That's the core of the book, essentially. For the remainder of this review I ask you indulge my personal story as to what this book meant to me when I read it -- perhaps that will produce a more compelling a reason to read it for some people.

This is the book that converted me to libertarian anarchism about 10 years ago, Before that, I was your typical minimal government "classical liberal" sort of guy. But in chapter 2, "Property and Exchange", I came across the argument that shattered my simplistic conception of the world and made me realize that no alternative to libertarianism is morally acceptable.

It wasn't that easy, of course. I grappled with Rothbard's arguments in my mind for a long, long time. I was figuring they were so radical they MUST be wrong, although the arguments were so clear and decisive it seemed oppressively difficult to say _why_ he was wrong. Eventually, I had to concede that Rothbard is, quite simply, correct on the issue of justice, and there is no honest way around it.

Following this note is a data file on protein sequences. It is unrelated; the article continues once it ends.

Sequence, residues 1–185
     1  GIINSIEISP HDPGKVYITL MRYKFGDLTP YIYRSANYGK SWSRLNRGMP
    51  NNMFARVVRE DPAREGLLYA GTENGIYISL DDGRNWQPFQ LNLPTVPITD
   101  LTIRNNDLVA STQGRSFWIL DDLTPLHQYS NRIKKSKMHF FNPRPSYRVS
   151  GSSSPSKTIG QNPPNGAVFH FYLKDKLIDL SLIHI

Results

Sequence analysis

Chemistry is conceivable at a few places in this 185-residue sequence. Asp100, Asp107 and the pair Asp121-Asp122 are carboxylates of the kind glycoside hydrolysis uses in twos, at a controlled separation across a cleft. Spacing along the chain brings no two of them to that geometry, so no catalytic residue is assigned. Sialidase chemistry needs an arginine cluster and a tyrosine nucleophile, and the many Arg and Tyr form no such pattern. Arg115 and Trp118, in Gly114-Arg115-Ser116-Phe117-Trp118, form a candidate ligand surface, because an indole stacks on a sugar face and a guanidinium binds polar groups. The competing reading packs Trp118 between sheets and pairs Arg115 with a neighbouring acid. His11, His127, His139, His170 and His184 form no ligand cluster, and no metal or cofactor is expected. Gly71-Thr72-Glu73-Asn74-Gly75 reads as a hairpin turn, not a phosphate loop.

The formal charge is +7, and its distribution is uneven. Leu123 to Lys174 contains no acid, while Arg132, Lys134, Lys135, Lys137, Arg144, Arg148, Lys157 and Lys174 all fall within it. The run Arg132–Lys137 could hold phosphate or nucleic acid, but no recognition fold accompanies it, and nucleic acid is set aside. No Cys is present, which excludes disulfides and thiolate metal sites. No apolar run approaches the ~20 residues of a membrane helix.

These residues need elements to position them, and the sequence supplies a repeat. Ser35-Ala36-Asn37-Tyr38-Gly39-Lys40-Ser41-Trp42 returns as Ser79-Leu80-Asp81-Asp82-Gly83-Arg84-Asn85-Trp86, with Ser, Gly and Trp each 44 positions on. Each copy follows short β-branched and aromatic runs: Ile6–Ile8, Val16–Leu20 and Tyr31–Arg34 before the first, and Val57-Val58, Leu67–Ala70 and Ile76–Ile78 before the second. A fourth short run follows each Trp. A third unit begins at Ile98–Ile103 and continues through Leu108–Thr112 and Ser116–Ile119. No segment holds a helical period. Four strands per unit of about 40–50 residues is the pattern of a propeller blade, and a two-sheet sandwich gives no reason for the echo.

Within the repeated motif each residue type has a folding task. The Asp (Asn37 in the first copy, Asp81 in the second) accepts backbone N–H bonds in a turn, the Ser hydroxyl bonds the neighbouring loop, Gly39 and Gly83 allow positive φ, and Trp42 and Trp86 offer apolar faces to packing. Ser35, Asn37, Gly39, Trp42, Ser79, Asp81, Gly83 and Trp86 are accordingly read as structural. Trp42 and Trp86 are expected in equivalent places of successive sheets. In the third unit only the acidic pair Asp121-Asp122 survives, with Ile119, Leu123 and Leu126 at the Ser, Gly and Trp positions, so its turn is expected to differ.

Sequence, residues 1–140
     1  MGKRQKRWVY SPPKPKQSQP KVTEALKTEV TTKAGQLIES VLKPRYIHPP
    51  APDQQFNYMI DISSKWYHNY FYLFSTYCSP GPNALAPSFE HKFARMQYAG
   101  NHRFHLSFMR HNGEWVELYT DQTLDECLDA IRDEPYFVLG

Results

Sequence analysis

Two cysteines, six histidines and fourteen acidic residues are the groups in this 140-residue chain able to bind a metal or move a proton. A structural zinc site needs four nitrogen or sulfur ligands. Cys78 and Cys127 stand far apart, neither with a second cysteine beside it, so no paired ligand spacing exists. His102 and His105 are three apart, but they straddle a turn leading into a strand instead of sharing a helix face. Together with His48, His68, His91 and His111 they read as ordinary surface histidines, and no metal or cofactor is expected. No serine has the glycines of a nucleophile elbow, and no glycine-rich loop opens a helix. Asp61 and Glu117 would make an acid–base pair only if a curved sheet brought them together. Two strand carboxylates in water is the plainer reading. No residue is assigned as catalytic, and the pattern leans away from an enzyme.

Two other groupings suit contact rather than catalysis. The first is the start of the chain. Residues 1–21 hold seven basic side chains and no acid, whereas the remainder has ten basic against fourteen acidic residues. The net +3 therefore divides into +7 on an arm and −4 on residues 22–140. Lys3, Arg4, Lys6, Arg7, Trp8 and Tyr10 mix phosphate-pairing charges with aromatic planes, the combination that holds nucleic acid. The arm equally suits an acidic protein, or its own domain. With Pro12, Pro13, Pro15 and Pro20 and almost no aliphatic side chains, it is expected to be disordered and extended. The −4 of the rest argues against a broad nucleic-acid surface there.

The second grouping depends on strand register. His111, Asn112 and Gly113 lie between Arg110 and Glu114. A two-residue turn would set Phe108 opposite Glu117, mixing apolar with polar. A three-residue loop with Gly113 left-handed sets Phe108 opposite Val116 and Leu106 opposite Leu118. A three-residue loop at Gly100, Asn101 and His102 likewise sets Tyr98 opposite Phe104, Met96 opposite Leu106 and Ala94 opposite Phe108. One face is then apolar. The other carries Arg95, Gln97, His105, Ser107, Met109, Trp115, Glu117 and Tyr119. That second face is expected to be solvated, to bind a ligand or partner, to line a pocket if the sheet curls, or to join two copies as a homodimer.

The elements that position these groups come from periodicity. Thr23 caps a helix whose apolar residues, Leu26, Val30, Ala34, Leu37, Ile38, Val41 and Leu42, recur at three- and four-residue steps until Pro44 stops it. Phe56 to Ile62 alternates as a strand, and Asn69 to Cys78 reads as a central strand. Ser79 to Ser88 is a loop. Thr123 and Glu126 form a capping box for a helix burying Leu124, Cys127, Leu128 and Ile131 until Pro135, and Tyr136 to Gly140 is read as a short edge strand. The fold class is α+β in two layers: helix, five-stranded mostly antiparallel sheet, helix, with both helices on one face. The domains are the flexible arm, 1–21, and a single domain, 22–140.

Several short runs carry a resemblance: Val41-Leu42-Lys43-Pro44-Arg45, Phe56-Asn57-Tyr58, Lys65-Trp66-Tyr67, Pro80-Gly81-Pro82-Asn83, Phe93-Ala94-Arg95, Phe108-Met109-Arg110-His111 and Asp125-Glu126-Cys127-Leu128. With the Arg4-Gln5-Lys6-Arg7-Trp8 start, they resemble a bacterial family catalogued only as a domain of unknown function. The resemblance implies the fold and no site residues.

And this isn't even the hardest part! When it came time to face Rothbard's arguments on the superiority of PRIVATE COURTS and PRIVATE POLICE, I rather dogmatically assumed he had to be wrong. I could accept libertarian solutions to almost everything, being a classical liberal n' all that, but private courts? Private police?!? Come on... but even here, Rothbard is consistent where the classical liberal is not, and most importantly I found his arguments to be unassailable after long, careful, agonizing consideration. It is easy enough to agree that taxation is robbery, yet think taxing people to pay for socialized police services is legitimate just because "it has to be that way." But Rothbard attacks this inconsistency and demonstrates that socialized courts and police DON'T WORK, anymore than the post office, the Department of Education, or whatever, and government services are immoral anyway.

Needless to say, I am a Rothbardian now. People will say "Rothbard's solutions are impractical", which is simply false. What is impractical is the government, and liberty is the most practical solution of all. Not only that, but more important liberty is JUST. Let this book show you why -- it is the best introduction to libertarian-anarchism, along with another charming book by Dr. Mary J Ruwart called _Healing Our World_.